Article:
The Cheap Seats: Why the Saudi Arabia-backed LIV Golf tour has led to ethical concerns, rivalry with PGA tour
The start of the Saudi-funded LIV tour has started competition with the PGA Tour and angered golfers opposed to Saudi Arabia’s history of violence and oppression.
This summer, the kickoff of the Saudi Arabia-backed LIV Golf tour sparked controversy with the PGA Tour – its competitor – as well as many who feel displeased with the Saudis’ human rights record. The situation poses questions, such as: what are the Saudis’ goals behind the LIV tour, and how have pro golfers taken sides?
According to the New York Times, the LIV Golf tour is financially backed by Saudi Arabia as a part of Crown Prince Mohammed bin Salman’s initiative to transform Saudi Arabia’s “conservative oil image” into one that aligns more with that of Dubai. The initiative plans to increase Saudi Arabia’s power on a global scale and expand its Western reputation.
While the LIV tour can be seen as an attempt to make Saudi Arabia more of a luxury destination, the tour has simultaneously provided a distraction for MBS’s less than ideal human rights record. News of the Saudis’ murder of The Washington Post journalist Jamal Khashoggi in 2018, and their naval and land blockade in Yemen, which caused famine, disease and civilian displacement, has sparked outrage within some members of the golf community.
In addition, the LIV tour has been designed to compete with the PGA’s tour, although the LIV tour’s structure differs significantly. For starters, while the tour name is pronounced like the word “live,” the tournament actually stands for the roman numeral 54, symbolic of the 54 holes that each player will complete in the tournament. The format of the LIV tour also includes a team component, involving a captain and selection of players with that team. Perhaps the greatest difference between the LIV Golf and the PGA tour is that the LIV tour offers a substantial payout. In the Saudis’ most recent golf tournament, winner Henrik Stenson came home with four million dollars.
The potential of a high payout has attracted golfers Phil Mickelson, Bryson DeChambeau and Bubba Watson to join the LIV Golf tour, although their decision has led to pushback from golfers who have stayed loyal to PGA due to ethical concerns.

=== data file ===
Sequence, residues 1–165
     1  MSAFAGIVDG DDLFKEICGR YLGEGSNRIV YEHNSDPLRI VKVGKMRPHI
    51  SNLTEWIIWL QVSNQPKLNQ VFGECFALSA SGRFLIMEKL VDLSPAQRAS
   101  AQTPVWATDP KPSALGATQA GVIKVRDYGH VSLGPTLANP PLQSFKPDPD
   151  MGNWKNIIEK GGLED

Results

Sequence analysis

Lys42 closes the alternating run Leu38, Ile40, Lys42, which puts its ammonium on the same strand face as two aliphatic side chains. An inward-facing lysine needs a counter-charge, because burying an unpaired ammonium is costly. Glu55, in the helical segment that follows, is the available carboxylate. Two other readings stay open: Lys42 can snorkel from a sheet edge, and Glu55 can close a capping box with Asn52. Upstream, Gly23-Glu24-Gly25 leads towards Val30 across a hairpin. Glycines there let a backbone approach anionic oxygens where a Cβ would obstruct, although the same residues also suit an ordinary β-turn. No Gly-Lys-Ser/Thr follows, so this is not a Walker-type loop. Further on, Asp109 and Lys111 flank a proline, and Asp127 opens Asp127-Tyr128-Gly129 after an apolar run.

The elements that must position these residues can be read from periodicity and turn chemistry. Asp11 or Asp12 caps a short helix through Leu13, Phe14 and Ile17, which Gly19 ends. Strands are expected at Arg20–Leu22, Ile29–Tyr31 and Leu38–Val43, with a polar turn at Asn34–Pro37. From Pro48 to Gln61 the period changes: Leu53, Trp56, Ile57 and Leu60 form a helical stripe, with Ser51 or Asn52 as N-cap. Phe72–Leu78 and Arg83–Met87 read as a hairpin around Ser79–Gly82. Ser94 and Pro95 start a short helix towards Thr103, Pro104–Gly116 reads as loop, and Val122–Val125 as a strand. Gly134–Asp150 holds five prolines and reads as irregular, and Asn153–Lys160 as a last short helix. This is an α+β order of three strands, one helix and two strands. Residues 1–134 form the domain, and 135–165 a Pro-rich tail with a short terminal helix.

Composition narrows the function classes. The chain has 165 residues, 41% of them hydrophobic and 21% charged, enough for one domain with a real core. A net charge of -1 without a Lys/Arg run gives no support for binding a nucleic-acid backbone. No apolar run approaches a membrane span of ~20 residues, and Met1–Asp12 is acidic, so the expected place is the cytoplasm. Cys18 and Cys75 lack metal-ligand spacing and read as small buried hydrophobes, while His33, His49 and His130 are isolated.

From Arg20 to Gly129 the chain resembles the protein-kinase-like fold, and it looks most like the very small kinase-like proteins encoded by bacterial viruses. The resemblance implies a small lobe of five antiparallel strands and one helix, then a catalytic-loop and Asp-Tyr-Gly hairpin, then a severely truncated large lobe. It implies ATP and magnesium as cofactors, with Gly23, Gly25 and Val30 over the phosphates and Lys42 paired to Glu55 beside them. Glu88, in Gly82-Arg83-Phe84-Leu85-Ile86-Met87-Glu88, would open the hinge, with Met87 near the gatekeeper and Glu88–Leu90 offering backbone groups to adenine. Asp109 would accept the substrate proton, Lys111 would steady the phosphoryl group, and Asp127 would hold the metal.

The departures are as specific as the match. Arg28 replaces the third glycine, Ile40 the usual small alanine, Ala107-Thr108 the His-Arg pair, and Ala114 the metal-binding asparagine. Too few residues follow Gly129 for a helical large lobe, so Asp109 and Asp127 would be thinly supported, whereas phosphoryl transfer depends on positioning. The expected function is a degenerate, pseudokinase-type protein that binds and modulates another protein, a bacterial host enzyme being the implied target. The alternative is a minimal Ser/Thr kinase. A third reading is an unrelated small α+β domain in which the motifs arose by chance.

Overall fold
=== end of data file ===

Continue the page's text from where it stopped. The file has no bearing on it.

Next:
Tiger Woods, one of the greatest golfers in the world and five-time winner of the Masters Tournament, has taken a stand against the LIV tour. Woods claimed those who have made an agreement to sign on — with multi-million dollar contracts in their corner — are “turning their back on what has allowed them to get into this position.” Woods also expressed concerns about how the LIV tour has swept up young players because he thinks the experience of competing in a 72-hole PGA Tour is more valuable to newer golfers, rather than a 54-hole tournament.
Back in June, the PGA Tour announced that golfers who participated in the LIV tour were no longer welcome to play in any of the PGA tour events. The new rule suspended a total of 17 players, including Mickelson, who has probably faced the most media opposition with his move to join LIV.
At a heated press conference in June, Mickelson responded to a question regarding whether or not he had considered Americans who died in 9/11 when he made the decision to play in the LIV tour. Mickelson addressed families impacted by the attacks, saying that he has the “deepest sympathy and empathy for them.” Notably, Mickelson’s signing deal with LIV Golf is rumored to be around $200 million.
At LIV’s most recent event at the Trump Bedminster golf course in Bedminster, New Jersey, in July, the atmosphere of the event contrasted greatly with the quiet and professional atmosphere of the PGA Tour. Music blared, golfers seemed to have a carefree attitude for the day and the number of fans present was underwhelming. Many of the players received their payout before the event had begun, and a majority of the players – apart from the old guard of PGA pros who had come over to LIV – were not known to spectators.
Meanwhile, only a few miles down the road, the activist group 9/11 Justice stood their ground. At the protest, the families, children and loved ones of Sept. 11 victims expressed their anger at the players, who, like Mickelson, accepted tremendous amounts of money from the Saudis. In addition, attendees also protested in response to former president Donald Trump’s decision to allow the use of his golf club for the tournament, after previously blaming the Saudi government for the Sept. 11 attacks.
On Wednesday, Aug. 3, breaking news struck: Out of the 17 golfers suspended by the PGA Tour, 11, including Mickelson, filed an antitrust lawsuit against the PGA Tour. The LIV tour players’ lawyer claims that the PGA Tour’s actions are unlawful, as even with one-time participation in a LIV event, the PGA Tour can restrict participation in PGA Tour events, such as the upcoming Fedex Cup Playoffs. Some players are pushing for a temporary restraining order in order to play at the Fedex Cup Playoffs.
“It has threatened sponsors, vendors and agents to coerce players to abandon opportunities to play in LIV Golf events. And it has orchestrated a per se unlawful group boycott with the European Tour to deny LIV Golf access to their members,” the lawsuit said, according to ESPN.
The PGA Tour quickly dismissed arguments from players who opposed their suspension.
“[The players] have walked away from the Tour and now want back in,” Jay Monahan, commissioner of the PGA Tour, wrote in a memo obtained by ESPN.
Since the COVID-19 pandemic, golf’s popularity has grown exponentially, and Saudi Arabia’s effort to back the LIV Golf tour could have positive economic effects for the country. While the LIV tour may suffer from backlash over ethical concerns, and the PGA Tour remains strong retaining the top 10 ranked golfers, only time will tell if LIV will actually be able to hold its ground next to the PGA Tour.